Suppose the money supply is currently $500 billion and the Fed wishes to increase it by $100 billion.  Given a required reserve ratio of 0.25, what should it do?

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To affect the total money supply, you can use a simple formula.

Change in total money supply divided by money multiplier equals the change in necessary reserves.

The money multiplier is the inverse of the reserve ratio, so to calculate that, divide 1 by the reserve ratio.

1 / 0.25...

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To affect the total money supply, you can use a simple formula.

Change in total money supply divided by money multiplier equals the change in necessary reserves.

The money multiplier is the inverse of the reserve ratio, so to calculate that, divide 1 by the reserve ratio.

1 / 0.25 = 4, which is the money multiplier. If you plug that value into the above equation, it looks like so:

100 billion (change in total money supply) / 4 (money multiplier) = 25 billion (change in necessary reserves).

In order to increase the total supply of money in circulation, the reserve will need to increase its funding by $25 billion. In the open market, the Fed can buy government securities total $25 billion, which would infuse that liquid cash into the market and deposit it into banks, giving them enough available capital to cover the increase in total money supply.

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A reserve ratio of 0.25 means that banks have to keep 25% of all deposits. A high reserve ratio normally means that the government wants to control money supply by limiting the amount given out as loans. In this case, we can calculate the effect of the reserve ratio on the money supply using the money multiplier.

The formula for money multiplier is as follows: (1/reserve ratio), or in this case, 1/0.25, which is equal to 4.

Since we have the money multiplier, we can use it to estimate the amount of money in circulation. The formula is as follows:

Change in total Money supply / Money Multiplier = Change in the reserves or monetary base.

$100 billion / 4 = $25 billion. So, $25 billion is the change in the monetary base.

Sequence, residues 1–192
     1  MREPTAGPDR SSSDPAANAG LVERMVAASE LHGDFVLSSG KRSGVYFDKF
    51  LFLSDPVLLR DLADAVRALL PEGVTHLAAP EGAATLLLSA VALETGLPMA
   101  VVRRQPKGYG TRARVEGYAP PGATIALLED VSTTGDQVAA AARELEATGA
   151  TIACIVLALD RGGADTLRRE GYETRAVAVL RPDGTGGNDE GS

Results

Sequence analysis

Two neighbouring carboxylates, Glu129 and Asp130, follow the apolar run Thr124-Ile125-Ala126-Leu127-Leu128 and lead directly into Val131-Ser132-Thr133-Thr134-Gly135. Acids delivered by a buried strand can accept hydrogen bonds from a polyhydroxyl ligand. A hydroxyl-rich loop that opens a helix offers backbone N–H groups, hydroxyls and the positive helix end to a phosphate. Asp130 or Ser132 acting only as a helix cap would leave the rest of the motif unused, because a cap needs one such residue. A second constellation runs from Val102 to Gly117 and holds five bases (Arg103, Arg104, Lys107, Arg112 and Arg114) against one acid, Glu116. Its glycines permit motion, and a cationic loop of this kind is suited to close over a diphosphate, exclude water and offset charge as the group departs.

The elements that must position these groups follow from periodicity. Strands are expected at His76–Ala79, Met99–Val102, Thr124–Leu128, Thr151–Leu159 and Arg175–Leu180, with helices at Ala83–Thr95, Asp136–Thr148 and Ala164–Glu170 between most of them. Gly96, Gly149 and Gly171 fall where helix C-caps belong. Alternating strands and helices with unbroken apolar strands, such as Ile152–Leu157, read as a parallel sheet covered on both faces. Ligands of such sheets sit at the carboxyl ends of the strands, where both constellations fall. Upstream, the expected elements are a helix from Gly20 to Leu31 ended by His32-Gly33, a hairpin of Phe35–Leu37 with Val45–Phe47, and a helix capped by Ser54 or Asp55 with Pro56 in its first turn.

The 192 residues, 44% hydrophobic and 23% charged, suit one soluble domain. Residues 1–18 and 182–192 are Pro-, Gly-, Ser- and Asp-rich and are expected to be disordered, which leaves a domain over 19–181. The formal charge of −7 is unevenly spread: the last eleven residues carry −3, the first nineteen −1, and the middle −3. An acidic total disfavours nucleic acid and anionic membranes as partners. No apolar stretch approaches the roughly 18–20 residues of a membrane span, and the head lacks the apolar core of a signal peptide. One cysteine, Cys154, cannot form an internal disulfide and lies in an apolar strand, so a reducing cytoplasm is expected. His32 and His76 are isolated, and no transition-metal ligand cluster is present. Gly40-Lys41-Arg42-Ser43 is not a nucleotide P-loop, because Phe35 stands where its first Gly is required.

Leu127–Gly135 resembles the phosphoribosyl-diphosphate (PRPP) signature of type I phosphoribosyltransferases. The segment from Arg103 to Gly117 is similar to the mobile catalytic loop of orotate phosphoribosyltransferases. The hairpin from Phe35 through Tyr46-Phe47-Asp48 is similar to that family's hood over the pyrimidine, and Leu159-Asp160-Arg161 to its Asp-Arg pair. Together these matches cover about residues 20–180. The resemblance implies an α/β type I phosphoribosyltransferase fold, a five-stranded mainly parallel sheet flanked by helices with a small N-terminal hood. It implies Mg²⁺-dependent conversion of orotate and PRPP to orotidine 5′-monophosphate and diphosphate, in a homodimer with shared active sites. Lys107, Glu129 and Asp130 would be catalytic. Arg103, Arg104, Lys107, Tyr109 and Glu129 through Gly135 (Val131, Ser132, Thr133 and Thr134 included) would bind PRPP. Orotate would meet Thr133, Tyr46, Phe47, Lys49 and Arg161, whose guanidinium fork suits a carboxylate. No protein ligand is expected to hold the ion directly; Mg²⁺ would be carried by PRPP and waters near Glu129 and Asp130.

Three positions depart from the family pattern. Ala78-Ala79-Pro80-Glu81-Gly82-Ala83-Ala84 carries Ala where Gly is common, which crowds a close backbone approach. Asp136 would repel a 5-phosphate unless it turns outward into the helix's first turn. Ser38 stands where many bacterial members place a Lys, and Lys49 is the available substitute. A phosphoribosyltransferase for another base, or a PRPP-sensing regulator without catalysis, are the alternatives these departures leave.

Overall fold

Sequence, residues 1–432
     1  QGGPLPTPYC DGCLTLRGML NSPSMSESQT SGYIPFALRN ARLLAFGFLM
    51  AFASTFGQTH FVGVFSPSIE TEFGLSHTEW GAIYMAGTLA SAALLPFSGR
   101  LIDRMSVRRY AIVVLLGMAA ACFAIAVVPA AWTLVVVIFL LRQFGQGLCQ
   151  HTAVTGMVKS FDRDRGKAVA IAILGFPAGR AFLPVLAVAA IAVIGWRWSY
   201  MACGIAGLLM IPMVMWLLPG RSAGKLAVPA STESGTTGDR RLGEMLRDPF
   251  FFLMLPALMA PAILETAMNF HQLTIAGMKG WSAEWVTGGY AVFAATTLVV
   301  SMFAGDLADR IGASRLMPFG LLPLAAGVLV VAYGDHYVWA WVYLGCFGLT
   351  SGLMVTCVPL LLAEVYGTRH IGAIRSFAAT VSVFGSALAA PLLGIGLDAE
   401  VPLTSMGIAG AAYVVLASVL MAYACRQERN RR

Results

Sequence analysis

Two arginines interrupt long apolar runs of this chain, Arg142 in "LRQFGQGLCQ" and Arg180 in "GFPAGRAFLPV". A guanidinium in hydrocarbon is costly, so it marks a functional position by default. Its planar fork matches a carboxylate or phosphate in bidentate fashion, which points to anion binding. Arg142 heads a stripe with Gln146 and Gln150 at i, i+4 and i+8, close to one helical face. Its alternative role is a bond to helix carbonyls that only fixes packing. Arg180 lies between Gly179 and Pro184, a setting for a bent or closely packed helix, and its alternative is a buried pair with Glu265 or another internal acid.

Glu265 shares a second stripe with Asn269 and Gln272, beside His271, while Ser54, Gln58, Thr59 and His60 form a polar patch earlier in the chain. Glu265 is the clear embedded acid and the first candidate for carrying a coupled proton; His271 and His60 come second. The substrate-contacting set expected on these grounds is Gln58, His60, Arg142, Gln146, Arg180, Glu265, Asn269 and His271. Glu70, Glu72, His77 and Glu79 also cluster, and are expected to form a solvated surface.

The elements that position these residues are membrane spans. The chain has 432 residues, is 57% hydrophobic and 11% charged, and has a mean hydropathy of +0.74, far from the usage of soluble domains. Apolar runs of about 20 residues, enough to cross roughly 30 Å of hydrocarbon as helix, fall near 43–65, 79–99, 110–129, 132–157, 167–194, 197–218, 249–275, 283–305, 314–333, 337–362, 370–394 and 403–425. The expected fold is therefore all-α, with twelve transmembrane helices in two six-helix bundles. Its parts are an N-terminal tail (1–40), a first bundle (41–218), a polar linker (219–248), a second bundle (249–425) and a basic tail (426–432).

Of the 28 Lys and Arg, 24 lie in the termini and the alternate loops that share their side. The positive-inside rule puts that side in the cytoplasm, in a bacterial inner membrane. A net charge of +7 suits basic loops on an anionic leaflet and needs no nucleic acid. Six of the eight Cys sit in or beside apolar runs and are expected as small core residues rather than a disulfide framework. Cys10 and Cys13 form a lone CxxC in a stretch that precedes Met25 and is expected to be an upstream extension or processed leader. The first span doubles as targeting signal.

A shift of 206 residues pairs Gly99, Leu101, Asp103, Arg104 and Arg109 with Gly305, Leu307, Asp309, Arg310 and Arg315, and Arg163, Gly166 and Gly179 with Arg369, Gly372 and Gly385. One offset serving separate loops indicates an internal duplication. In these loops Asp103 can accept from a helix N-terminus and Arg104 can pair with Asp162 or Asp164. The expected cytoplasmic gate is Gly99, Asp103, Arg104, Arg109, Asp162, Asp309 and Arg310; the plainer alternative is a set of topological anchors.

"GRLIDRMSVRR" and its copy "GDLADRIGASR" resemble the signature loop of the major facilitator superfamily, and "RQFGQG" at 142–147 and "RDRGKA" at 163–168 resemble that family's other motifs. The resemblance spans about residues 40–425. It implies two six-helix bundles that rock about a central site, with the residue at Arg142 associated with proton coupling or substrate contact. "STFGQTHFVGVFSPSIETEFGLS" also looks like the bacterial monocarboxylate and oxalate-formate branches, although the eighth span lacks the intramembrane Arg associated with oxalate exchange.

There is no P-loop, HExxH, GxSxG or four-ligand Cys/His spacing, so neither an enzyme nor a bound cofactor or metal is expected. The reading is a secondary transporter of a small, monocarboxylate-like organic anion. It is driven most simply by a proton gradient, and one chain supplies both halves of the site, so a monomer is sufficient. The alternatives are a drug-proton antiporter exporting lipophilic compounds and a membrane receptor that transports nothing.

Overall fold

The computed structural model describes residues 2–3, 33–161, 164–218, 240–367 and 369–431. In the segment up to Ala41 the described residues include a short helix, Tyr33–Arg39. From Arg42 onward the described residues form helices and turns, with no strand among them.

This means that if the money supply is to increase by $100 billion, the amount of money in circulation has to increase by $25 billion. Therefore, the Fed should take part in open market operations and buy bonds worth $25 billion. The money will be injected right back into the economy, and it will lead to a $100 billion increase in total money supply due to the effects of the money multiplier.

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In order to determine what the Fed needs to do, we must first determine what the money multiplier is.  The formula for finding the money multiplier is

Money multiplier = 1 / required reserve ratio.

In the scenario that you have given us, the required reserve ratio is .25.  When we plug this into the money multiplier equation, we get

Money multiplier = 1 / .25 = 4.

This means that every new dollar that gets deposited in a bank can create a $4 increase in the overall money supply. 

We also know that the Fed wants to create $100 billion in new money supply.  We need to use the formula

Change in money supply = change in deposits x money multiplier.

Given that the money multiplier is 4, we can calculate that there needs to be a $25 billion increase in deposits.

So how does the Fed go about doing this?  It cannot simply order people to deposit more money.  Therefore, it needs to buy government securities.  It needs to buy $25 billion in government securities.  This money will be deposited in banks and the money multiplier will cause it to create a $100 billion increase in the money supply.

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